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The PJ Tatler

by
Bridget Johnson

Bio

January 8, 2013 - 1:37 pm

Sen. Bob Corker (R-Tenn.) predicted today that White House counterterrorism adviser John Brennan — President Obama’s pick for the next CIA director — will receive liberal opposition in his confirmation hearings because of drone strikes.

Brennan is already facing an uphill climb from Republicans who want to get to the bottom of Benghazi.

“The White House has portrayed him as a priestly figure that sits in a room in the White House with no windows and decides each day who he’s going to execute around the world with drones. I think the Left is actually going to have an interesting time interviewing him,” Corker said on MSNBC.

The senator bluntly said intelligence that lawmakers get off cable news is more reliable than that coming to Capitol Hill from Obama’s team.

“The intelligence community in general has not served us well. I mean, the kind of briefings that we get on the Hill are close to useless,” Corker said. “…I do think that just the intel and how we receive it, how we’re able to utilize that for policy-making decisions, is going to be an important aspect of what he’ll be testifying regarding, and also just how we are going to improve our human intelligence gathering that has certainly been remiss here in the past.”

Corker noted that he, like many of his colleagues, also has concerns about the nomination of former Sen. Chuck Hagel (R-Neb.) to the Pentagon.

“I want to probe is where he is on our nuclear posture. I know it’s not something that, you know, people talk about on a daily basis,” he said. “Some of the things that he said in the past about where we need to be as a country in our nuclear posture are very troubling to me, and especially at this moment in time when we’re supposed to be investing in nuclear modernization as a part of the START Treaty, and we’re not doing that.”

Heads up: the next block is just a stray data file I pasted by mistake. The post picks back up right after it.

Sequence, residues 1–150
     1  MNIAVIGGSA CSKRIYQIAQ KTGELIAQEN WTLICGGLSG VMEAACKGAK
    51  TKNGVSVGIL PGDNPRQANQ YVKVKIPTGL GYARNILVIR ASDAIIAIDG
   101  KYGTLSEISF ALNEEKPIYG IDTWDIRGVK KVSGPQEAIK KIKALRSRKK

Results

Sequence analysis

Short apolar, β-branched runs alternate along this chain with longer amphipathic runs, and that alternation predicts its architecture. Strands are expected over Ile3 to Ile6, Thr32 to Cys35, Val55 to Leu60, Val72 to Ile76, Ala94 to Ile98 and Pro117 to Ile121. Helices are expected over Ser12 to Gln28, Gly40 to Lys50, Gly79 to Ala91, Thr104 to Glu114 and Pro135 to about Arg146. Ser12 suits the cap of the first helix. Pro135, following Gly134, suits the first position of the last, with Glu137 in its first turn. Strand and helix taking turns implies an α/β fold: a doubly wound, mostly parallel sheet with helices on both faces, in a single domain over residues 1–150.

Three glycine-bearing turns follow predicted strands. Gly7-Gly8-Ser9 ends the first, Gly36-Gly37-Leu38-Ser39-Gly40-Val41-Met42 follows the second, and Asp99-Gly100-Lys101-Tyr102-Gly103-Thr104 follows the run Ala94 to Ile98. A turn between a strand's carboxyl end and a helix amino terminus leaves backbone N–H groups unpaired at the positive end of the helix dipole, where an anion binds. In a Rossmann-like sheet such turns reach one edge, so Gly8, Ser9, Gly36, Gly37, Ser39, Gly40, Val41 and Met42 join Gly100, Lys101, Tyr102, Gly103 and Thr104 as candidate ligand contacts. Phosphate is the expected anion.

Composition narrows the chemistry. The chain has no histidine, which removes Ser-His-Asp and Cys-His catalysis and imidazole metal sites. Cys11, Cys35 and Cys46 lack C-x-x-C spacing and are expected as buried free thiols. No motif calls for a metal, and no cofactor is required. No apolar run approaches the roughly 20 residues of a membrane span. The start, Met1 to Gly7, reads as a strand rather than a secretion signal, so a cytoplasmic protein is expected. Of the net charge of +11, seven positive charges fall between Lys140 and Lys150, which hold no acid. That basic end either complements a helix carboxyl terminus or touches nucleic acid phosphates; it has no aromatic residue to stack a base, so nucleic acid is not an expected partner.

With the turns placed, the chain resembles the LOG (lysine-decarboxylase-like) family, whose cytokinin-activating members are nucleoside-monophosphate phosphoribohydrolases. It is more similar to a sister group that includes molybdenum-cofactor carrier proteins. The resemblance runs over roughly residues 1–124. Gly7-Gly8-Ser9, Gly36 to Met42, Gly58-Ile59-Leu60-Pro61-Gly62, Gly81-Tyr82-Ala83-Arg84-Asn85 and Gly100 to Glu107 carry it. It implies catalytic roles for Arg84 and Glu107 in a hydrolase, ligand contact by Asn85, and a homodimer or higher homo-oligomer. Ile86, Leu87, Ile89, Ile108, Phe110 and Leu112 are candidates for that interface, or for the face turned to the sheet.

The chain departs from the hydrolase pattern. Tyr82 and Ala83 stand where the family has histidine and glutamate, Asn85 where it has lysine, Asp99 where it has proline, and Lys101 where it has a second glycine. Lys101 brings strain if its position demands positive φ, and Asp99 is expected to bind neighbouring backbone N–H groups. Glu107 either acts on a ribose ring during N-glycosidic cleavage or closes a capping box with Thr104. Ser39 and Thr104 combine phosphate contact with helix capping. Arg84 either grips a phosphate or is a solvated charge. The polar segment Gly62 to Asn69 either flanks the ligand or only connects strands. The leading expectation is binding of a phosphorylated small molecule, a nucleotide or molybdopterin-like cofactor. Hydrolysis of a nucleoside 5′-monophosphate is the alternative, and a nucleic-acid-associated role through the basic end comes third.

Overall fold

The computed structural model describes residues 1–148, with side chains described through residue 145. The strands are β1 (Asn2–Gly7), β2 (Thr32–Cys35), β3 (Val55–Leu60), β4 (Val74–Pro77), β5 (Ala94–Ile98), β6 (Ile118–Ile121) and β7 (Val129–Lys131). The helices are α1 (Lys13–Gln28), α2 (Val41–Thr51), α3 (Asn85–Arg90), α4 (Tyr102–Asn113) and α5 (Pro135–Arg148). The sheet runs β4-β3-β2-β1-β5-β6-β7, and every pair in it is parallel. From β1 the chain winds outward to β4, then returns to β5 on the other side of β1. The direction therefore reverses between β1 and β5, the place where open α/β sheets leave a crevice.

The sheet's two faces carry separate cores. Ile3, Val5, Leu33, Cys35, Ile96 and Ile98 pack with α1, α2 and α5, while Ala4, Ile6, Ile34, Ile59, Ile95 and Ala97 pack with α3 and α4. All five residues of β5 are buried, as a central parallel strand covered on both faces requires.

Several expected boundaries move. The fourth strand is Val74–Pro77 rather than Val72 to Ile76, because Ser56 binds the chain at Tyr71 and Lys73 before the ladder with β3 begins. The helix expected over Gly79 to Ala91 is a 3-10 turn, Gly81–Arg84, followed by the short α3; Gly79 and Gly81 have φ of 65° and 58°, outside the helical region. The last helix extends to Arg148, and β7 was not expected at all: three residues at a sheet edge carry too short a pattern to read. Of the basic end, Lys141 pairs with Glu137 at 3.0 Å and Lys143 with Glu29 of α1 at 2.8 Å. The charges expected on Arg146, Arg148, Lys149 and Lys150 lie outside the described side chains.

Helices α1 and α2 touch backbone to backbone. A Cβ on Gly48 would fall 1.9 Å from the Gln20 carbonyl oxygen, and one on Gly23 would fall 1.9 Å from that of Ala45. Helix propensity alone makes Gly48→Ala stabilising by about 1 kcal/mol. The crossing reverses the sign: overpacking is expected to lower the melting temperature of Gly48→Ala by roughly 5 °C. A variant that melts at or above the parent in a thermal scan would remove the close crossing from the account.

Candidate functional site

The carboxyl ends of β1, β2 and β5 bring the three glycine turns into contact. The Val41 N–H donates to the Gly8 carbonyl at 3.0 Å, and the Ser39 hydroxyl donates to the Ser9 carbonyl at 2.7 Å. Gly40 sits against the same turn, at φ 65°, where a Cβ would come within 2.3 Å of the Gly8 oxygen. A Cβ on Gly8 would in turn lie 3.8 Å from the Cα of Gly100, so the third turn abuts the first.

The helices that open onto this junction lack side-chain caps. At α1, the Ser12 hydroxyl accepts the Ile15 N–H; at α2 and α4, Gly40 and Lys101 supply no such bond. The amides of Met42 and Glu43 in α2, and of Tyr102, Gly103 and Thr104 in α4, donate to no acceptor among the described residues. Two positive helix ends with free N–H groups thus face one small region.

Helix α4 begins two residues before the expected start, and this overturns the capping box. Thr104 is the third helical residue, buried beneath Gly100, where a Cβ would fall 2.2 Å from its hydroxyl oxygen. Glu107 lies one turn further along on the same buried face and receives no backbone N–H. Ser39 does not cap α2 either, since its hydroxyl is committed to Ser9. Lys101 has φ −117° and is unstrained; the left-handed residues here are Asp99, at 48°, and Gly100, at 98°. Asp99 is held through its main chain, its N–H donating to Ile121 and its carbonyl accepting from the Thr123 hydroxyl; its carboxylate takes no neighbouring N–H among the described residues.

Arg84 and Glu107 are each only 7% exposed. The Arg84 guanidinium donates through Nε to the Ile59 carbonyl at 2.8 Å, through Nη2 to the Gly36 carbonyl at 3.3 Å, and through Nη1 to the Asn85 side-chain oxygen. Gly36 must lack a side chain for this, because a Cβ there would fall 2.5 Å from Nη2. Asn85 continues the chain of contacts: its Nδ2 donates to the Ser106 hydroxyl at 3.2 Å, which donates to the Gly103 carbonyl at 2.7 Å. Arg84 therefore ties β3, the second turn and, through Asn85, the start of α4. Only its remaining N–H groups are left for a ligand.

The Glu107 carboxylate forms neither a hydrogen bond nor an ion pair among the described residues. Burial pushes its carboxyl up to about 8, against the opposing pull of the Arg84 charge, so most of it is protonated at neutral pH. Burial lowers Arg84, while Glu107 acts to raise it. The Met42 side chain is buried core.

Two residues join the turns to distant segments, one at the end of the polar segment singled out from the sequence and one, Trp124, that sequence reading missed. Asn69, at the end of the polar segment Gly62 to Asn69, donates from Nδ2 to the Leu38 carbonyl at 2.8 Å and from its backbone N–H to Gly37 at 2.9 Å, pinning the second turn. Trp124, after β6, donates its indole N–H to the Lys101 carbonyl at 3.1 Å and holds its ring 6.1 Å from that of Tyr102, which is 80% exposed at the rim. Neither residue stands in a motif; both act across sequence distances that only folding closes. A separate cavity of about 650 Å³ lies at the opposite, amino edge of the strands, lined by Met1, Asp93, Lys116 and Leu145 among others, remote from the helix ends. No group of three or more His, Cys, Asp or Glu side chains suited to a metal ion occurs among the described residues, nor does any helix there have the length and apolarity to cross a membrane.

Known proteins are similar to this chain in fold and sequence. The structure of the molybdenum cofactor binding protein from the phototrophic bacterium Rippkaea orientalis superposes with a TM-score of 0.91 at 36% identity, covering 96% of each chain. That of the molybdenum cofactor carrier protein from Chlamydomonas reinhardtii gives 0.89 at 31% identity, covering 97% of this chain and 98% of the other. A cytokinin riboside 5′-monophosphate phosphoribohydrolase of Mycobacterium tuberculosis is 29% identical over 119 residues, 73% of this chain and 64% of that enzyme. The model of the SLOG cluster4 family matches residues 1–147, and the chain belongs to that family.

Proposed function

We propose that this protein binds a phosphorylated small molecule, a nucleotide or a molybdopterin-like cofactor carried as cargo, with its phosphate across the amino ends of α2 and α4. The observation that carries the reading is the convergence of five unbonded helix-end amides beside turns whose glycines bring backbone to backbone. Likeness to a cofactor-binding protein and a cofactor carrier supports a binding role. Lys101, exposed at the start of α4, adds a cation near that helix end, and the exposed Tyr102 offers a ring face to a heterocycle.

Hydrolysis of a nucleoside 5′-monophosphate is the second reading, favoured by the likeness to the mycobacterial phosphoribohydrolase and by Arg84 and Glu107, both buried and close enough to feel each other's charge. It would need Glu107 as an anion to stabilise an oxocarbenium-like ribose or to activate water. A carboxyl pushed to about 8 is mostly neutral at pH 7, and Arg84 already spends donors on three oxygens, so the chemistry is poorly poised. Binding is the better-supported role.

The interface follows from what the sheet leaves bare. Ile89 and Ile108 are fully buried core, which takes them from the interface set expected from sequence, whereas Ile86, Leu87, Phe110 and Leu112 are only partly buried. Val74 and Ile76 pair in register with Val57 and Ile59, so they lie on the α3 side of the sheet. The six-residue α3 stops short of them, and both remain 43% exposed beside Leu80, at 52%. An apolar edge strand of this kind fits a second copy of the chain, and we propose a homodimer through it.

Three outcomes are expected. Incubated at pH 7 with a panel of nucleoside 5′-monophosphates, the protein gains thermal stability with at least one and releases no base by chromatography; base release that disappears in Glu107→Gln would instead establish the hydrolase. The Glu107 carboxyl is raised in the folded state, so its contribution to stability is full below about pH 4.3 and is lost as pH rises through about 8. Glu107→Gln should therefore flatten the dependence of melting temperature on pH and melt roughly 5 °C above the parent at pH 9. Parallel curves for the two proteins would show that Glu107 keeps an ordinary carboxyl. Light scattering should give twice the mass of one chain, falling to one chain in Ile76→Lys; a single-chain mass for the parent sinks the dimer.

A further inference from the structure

“On Hagel’s part I think there are serious policy concerns, and I think these hearings are going to make a great deal of difference as to whether he is confirmed or not.”

 

Bridget Johnson is a veteran journalist whose news articles and opinion columns have run in dozens of news outlets across the globe. Bridget first came to Washington to be online editor at The Hill, where she wrote The World from The Hill column on foreign policy. Previously she was an opinion writer and editorial board member at the Rocky Mountain News and nation/world news columnist at the Los Angeles Daily News. She is an NPR contributor and has contributed to USA Today, The Wall Street Journal, National Review Online, Politico and more, and has myriad television and radio credits as a commentator. Bridget is Washington Editor for PJ Media.
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